Andy's Tone Tips: What's the Difference Between Chorus and Flanger?

THE GIST
  • A chorus effect is achieved by copying your signal one or more times and playing back the copy or copies at a slight delay behind the original.
  • A flanger effect also uses a copy of your signal, but modulates the copy in and out of phase with the original. (In some units, the original signal is modulated as well.) The resulting delay times vary, but are shorter than a chorus effect.

If asked to articulate the differences between a delay and a reverb effect, or even between a fuzz and an overdrive, you'd likely have no problem giving a clear answer. But when the effects in question are flanger and chorus, the answer might not come to you as quickly.

Today, Andy is here to fix that with another of his Tone Tips videos.

Andy starts by explaining chorus, which is the simpler and more straightforward of the two to grasp. Chorus thickens up your guitar tone by copying your signal—often doubling, but sometimes creating many multiples, depending on what chorus effect you're using. Then, the copied signal or signals are played back at a very slight delay to the original. (Andy's delay time in the video above is only around 20 milliseconds).

The result with most chorus units is a thicker, doubled sound that can sound fluid and wavelike. If using a multi-voice chorus effect, the resulting combined sound can even more closely resemble an actual choir—with multiple voices singing the same part at once.

A flanger effect, while newer to pedal form than chorus, has been used in popular music for longer. The effect was first used in the studio, with an engineer playing two tape decks with the same music on them simultaneously, speeding up and then slowing down one of the decks by touching the flange (the rim of a tape reel). The signals, when combined, move varyingly apart and irregularly meet up. If the signals are flipped to 180°, as they are in "negative" flanging, they'd achieve perfect phase cancellation. The sound of both signals moving out of phase and wavering around this zero point creates a sweeping comb filter effect.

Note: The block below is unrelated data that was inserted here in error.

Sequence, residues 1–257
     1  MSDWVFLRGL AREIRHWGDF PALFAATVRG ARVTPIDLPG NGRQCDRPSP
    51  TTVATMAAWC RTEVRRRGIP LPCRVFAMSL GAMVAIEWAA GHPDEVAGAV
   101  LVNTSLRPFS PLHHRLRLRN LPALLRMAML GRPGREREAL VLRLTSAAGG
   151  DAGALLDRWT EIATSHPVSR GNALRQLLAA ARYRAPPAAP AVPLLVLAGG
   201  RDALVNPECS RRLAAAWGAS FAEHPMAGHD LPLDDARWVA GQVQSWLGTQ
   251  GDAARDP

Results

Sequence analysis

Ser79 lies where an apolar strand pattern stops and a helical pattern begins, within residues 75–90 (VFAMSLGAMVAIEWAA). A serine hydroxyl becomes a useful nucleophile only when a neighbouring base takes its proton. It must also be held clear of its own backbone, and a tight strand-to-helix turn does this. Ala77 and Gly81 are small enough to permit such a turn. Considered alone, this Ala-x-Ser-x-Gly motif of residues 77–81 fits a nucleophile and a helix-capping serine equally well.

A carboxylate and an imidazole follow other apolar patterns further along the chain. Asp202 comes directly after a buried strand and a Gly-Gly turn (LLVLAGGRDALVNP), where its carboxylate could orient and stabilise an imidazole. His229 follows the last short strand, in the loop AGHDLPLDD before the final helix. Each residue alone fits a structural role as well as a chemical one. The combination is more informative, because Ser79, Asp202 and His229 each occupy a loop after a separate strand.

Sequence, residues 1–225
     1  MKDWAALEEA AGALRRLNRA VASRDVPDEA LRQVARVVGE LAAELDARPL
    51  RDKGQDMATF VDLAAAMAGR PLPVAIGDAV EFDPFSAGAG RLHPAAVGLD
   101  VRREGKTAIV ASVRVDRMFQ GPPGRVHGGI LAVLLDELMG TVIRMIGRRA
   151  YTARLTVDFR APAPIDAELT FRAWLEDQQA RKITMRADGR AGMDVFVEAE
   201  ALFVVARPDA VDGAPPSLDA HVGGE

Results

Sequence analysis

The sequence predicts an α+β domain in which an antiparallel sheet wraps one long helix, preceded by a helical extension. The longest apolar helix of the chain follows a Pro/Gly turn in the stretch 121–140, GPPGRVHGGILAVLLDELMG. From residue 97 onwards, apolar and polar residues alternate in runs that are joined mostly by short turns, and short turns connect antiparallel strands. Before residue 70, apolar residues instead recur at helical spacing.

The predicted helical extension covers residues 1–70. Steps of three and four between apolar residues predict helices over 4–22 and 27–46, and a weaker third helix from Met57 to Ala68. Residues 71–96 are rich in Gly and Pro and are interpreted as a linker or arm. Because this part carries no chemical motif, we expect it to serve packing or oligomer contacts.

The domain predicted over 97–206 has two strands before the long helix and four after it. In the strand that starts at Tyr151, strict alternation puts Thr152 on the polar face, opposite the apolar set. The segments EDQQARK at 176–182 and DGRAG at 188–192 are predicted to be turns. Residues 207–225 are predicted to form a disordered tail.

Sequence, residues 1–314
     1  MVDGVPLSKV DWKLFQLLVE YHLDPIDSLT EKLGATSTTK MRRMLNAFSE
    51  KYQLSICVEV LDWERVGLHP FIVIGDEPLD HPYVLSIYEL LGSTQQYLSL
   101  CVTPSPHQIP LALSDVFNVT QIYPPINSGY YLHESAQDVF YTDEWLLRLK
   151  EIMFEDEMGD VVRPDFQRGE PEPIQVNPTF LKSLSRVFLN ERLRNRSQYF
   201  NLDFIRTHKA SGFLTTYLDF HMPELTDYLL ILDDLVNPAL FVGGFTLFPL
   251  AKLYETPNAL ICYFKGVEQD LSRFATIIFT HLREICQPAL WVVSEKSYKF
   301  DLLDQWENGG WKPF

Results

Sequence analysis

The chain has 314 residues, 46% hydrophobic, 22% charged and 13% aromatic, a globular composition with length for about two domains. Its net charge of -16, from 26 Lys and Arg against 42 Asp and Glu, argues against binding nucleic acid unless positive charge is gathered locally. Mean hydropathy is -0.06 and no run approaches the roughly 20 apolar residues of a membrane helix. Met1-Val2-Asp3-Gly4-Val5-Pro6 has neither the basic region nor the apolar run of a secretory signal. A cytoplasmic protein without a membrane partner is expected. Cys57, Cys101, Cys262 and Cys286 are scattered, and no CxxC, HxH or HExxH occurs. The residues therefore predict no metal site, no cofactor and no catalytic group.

The most common flanger effects boxes modulate the doubled signal only and get as close to a 0ms delay as possible, but true "through-zero flanging" has been put into pedal form by Mr. Black, Foxrox, EarthQuaker Devices, and other builders. It's quite a bit more complicated, as the original signal must also start at a slight delay so that the modulated signal can get ahead of it and pass "through zero."

After explaining both effects, Andy digs into the sonic possibilities with the help of the EarthQuaker Devices Pyramids Flanger and Walrus Audio Julia Chorus/Vibrato. Be sure to watch the full video above, and if you have tone questions of your own that you'd like to see Andy answer, email your questions to askandy@reverb.com or let us know in the comments below.


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